Revealed – How the coronavirus crisis unfolded in Suffolk’s care homes
- Credit: SUPPLIED BY FAMILY
For grieving daughter Lisa Hovell, the coronavirus crisis in care homes seems far from over.
Over the past six weeks, amid a slowing number of deaths and cases, she has been fighting for answers over her 82-year-old father’s death from Covid-19.
Like many others, Mrs Hovell has raised questions over whether staff treating her dad wore PPE – and if he caught the virus from people admitted back into his care home from hospital.
A further 17 deaths in Suffolk’s care homes reported this week has brought the total death toll to 152, according to provisional Care Quality Commission data.
That’s compared with 110 in Norfolk, and 107 in Cambridgeshire, both of which have bigger populations.
Data out this week reveals 71% of Ipswich and 70% of Mid Suffolk care homes have battled outbreaks during the pandemic.
They are two of the highest percentages in the country.
Suffolk also recently received a £9m share of the Infection Control fund, launched to reduce coronavirus spread in care homes.
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But why has the county had so many outbreaks and deaths?
Beds ‘block booked’ in care homes
At the beginning of the coronavirus outbreak, Suffolk’s clinical commissioning groups and county council block purchased 182 beds in care homes so that hospital patients could be moved into them.
It is feared that these patients, who were not tested for Covid-19, brought coronavirus into care homes.
The ‘block booking’ happened after NHS boss Simon Stevens, sent a letter to all hospitals on March 17 urging them to “urgently discharge” all hospital in-patients who were medically fit to leave.
It was not until a month later, on April 15, that hospitals and care homes were told these patients needed to be tested for coronavirus before being discharged.
The number of beds set aside for hospital patients in Suffolk is among the highest in the country, and cost £4.5million to secure for an initial period of April 1-July 31 and beyond.
Helen Armitage, Labour’s health spokeswoman at Suffolk County Council (SCC), said when the authority was asked why Suffolk had a higher death toll its adult social care boss said she “did not know”.
“What we now know is 182 care home beds in Suffolk were reserved in order to discharge hospital patients,” she said.
“We also know these patients were not routinely tested until mid-April.
“It is reasonable to believe this was a major factor in causing the virus to spread in our care homes.”
Penny Otton, leader of the Liberal Democrat, Green and Independent Group at Suffolk County Council, added: “Failing to test patients being discharged from hospital, and then placing these patients into care homes, is irresponsible beyond belief.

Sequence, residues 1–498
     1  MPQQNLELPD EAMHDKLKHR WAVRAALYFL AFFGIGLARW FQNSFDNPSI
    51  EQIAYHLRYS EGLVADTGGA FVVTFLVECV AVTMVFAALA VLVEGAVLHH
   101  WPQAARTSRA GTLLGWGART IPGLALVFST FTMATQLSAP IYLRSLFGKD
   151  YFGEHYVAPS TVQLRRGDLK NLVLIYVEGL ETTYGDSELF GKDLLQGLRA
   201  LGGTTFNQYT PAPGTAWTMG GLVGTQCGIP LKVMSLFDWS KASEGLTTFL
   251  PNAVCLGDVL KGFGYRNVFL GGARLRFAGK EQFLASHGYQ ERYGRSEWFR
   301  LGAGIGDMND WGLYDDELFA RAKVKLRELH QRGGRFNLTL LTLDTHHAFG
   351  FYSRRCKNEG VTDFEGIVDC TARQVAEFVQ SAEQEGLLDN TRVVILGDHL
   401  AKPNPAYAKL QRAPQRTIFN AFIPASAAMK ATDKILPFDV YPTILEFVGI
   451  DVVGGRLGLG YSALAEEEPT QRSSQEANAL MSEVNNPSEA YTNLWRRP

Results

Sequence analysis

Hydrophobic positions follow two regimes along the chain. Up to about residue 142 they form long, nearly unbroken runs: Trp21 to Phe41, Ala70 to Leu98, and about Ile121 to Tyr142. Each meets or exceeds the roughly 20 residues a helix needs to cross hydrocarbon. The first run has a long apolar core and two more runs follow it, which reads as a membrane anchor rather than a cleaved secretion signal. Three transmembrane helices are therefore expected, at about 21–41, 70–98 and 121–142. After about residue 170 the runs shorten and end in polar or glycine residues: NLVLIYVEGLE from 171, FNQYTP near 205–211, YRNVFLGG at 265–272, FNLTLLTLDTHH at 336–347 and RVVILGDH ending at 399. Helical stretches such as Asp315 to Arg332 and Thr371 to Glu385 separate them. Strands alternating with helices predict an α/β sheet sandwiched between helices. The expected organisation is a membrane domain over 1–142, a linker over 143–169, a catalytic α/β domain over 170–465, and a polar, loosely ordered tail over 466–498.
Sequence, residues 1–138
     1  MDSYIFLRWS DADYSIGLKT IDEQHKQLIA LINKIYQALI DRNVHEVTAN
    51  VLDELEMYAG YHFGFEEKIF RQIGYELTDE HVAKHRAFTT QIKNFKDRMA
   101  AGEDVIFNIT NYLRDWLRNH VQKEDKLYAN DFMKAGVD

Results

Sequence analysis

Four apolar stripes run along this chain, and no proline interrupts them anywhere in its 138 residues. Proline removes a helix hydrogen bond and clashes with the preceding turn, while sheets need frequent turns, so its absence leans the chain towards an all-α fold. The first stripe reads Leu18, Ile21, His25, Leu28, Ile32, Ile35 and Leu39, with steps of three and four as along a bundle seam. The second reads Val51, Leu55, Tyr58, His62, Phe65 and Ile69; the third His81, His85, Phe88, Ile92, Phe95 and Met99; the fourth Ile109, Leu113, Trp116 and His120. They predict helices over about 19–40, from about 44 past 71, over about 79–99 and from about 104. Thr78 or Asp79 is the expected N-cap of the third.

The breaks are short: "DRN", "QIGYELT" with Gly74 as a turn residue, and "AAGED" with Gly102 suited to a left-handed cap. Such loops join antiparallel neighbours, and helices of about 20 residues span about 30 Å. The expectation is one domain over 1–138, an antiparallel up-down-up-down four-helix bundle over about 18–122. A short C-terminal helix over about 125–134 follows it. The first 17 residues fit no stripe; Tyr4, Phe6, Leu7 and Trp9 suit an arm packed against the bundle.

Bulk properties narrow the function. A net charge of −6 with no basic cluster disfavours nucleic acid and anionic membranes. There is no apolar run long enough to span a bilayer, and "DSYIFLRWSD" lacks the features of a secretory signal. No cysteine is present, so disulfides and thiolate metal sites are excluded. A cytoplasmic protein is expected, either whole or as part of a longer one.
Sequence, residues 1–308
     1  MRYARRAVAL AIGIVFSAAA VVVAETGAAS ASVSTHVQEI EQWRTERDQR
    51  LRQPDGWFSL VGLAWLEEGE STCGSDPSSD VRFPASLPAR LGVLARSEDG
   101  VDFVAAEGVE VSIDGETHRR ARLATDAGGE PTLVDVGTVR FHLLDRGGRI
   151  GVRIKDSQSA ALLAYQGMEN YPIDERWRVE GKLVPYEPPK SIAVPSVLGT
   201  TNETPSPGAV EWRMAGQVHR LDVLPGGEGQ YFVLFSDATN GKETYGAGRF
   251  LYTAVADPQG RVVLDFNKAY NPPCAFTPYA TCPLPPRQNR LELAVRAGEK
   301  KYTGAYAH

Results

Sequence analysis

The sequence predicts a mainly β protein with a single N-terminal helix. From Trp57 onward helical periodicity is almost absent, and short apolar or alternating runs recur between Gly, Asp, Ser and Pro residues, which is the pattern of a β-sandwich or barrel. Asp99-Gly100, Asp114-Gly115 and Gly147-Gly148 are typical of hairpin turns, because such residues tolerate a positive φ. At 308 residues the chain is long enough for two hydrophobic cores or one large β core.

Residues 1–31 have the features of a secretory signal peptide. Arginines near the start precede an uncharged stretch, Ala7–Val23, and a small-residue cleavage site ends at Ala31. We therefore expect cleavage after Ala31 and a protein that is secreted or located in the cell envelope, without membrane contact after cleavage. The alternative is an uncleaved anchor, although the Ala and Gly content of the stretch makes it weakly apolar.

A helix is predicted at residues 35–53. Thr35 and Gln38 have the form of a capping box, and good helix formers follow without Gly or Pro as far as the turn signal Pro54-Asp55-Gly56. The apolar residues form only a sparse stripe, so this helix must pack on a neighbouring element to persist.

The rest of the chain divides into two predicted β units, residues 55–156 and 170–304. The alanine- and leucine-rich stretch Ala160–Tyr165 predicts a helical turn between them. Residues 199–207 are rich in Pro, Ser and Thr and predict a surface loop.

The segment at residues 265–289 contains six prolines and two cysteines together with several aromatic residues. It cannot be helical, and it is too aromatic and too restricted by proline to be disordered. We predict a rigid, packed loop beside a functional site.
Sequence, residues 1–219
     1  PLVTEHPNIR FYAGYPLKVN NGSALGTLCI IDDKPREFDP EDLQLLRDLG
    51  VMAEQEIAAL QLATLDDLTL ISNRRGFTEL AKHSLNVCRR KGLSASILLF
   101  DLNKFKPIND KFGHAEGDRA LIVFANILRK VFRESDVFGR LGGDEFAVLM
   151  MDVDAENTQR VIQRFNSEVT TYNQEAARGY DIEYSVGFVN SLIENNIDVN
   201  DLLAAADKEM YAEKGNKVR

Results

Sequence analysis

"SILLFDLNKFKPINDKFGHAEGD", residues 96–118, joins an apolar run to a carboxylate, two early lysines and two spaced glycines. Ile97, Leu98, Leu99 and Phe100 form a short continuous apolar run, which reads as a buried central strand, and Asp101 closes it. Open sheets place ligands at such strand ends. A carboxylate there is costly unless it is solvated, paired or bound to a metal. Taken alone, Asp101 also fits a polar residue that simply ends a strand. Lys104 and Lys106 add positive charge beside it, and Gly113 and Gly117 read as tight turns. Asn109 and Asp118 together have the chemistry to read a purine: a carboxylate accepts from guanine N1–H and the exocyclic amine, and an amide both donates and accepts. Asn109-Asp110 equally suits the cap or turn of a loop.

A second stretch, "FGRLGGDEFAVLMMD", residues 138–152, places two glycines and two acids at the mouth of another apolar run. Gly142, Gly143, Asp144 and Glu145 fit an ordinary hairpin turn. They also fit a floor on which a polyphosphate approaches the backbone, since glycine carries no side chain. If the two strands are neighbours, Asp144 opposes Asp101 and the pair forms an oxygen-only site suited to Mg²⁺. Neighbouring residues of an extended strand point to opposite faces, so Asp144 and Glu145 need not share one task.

“We are very concerned that this occurred in Suffolk, and that this seems to account for the much higher proportion of Suffolk care homes with outbreaks compared to Norfolk and Cambridgeshire.”
The CCGs and SCC said the additional 182 beds have helped them cope with additional demand.
Hospital chiefs, meanwhile, said they were following national guidance when they discharged patients.
On Wednesday, Boris Johnson told senior MPs there had never been a “concerted effort to move people out of NHS beds into care homes”.
‘I can’t move on’
Five people, one of whom later tested positive for coronavirus, were discharged from Ipswich Hospital into Asterbury Place between March 19 and April 6.
Bosses at Care UK, which runs the home, said that to the best of their knowledge, none of the five had Covid-19 on arrival - but because there was no testing, they cannot be sure. All were asked to self-isolate in their rooms.
But one, who was admitted to hospital in early April with a health condition that did not suggest coronavirus, took a test which gave a positive result.
Mrs Hovell is adamant this was how the virus got into her father’s care home – and questioned why people were not being tested before they were discharged.
Mr Ely died on April 10, and the five further deaths happened over a three-week period between that date and April 28.
“Why did they admit people in from the hospital, from other outside organisations?” Mrs Hovell said.
Care home chiefs also confirmed that in line with national PPE guidance, protective equipment was not being used until April 11, when they first discovered Covid-19 was in the home – even though they had full stocks from the outset.